If anyone ever tries to sell you oceanfront property in Vermont, you're being gypped. Vermont is the only New England state that does not border the Atlantic. Vermont is also the one New England state (and one of only a handful of all states) to regulate the litigation financing industry. Tortured comparisons notwithstanding, litigation financiers who wish to do business in the Green Mountain State must comply with certain requirements as of July 1, 2016.
By reading and following the rules below, you should be able to engage in compliant funding in Vermont. Still, funders should always read the full text for any new regulations before funding in order to contextualize as well as ensure they are aware of the fine details.
Although this bill was signed into law over a year ago (May 24, 2016) we have received an increasing number of questions from funders in recent months about Vermont funding requirements, and we are going to provide breakdowns like this of other regulated states.
In a phrase that only a lawyer could love, Vermont House Bill 84 defines Consumer Litigation Funding as "a nonrecourse transaction in which a company purchases and a consumer assigns to the company a contingent right to receive an amount of the potential net proceeds of a settlement or judgment obtained from the consumer's legal claim." Confused? Don't be. What you just read is basically a standard definition of litigation financing. Importantly, though, the statute defines funding as a "nonrecourse transaction," meaning it is not a loan.
Unlike Indiana's Regulation, whereby litigation financing companies need only register for a license if they fund 25 or more transactions per year, Vermont requires registration with its Department of Financial regulation irrespective of how much business the company conducts in the state.
Licenses are issued by the Commissioner of the Department of Financial Regulation (Commissioner) and obtained through the Nationwide Multistate Licensing System & Registry. Vermont requires a $600 annual registration fee as well as a surety bond or guaranteed letter of credit for the larger of $50,000 (or double the highest amount the company has funded in the state during the previous three years-whichever quantity is greater).
Also, it's important to note that the statute defines a "consumer" as a "natural person who is seeking or has obtained consumer litigation funding for a pending legal claim," provided:
Thus, legal funders must be licensed in Vermont to fund any single case in which the plaintiff is either a Vermont resident, irrespective of the jurisdiction, or the lawsuit is filed in Vermont.
The Vermont statute Section 2253 requires the following disclosures on the front page of the funding agreement:
For the most part, this is boilerplate language most funders should already have in their standard agreements. The only thing to watch for in these disclosures is the final item. The statute affords the Commissioner the choice to require more disclosure as he or she sees fit. With this in mind, it's a good idea to periodically check the Commissioner's website for any new orders or regulations.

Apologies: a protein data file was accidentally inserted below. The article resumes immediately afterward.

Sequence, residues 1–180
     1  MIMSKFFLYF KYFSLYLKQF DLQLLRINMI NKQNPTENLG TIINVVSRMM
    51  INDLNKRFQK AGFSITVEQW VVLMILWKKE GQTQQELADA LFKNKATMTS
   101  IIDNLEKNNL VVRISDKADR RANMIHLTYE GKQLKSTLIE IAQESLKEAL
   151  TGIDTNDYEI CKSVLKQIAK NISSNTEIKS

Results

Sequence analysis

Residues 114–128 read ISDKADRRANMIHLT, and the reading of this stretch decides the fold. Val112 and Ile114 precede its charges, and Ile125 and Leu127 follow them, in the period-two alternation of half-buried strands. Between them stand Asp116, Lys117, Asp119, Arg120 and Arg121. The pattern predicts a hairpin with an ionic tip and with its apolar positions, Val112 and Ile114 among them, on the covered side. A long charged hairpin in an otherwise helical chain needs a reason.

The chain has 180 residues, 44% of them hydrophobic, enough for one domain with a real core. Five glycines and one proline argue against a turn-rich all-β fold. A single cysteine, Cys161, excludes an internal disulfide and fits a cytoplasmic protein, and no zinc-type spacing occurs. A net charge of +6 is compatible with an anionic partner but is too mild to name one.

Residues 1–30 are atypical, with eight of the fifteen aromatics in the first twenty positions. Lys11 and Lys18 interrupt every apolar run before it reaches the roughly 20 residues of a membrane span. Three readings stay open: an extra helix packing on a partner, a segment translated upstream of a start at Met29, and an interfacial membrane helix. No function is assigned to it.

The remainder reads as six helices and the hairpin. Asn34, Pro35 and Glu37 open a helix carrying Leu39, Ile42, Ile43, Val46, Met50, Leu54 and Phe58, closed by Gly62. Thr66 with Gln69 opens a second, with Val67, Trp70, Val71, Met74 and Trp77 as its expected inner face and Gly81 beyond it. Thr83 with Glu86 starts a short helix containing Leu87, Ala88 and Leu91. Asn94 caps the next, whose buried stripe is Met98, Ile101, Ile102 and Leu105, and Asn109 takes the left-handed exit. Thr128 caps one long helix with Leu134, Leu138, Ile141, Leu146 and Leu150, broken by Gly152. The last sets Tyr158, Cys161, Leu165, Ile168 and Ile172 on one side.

The statute also requires certain provisions within the contract itself. As a threshold matter, the contract"shall be written in a clear and coherent manner using words with common, everyday meanings to enable the average consumer who makes a reasonable effort under ordinary circumstances to read and understand the terms of the contract without having to obtain the assistance of a professional." In other words, no complicated legalese.
The following provisions must also be in every contract:
Again, these are all fairly standard contract provisions for a consumer agreement. Just be aware of the requirement that it be written in plain English. There can be some subjectivity in interpreting what can and cannot be easily comprehended by a layperson.
As of now, the statute places no limits on the fees a litigation financing company can charge. However, the statute does state that "beginning on or before October 1, 2017, the Commissioner and Attorney General shall report jointly to the General Assembly on the status of consumer litigation funding in Vermont and make any recommendations they deem necessary to improve the regulatory framework of consumer litigation funding, including a recommendation on whether Vermont should limit charges imposed under a consumer litigation funding contract."
That language suggests there may be a limit to charges at some point. Also, within contract law, excessive fees can be considered unconscionable. Basically, keep your fees reasonable and consistent across state lines, and you should be fine. However, the Commissioner's website should be monitored to determine whether a fee limit has been imposed.
The final detail litigation financiers should be aware of is the requirement to file an annual report. It's worth repeating that funders who invest in lawsuits with jurisdiction in Vermont and funders who fund plaintiffs with Vermont residency must file this report. This report needs to be filed with the Commissioner's office by April 1st and should contain the following information:
The statute requires this report to be filed "under oath," meaning it needs to be notarized.
This guide should give you everything you need in order to prepare for compliant legal funding in Vermont. As always, be sure to read the relevant statutes for more information before funding.
Have any questions, thoughts, or think we missed anything? Let us know in the comments below.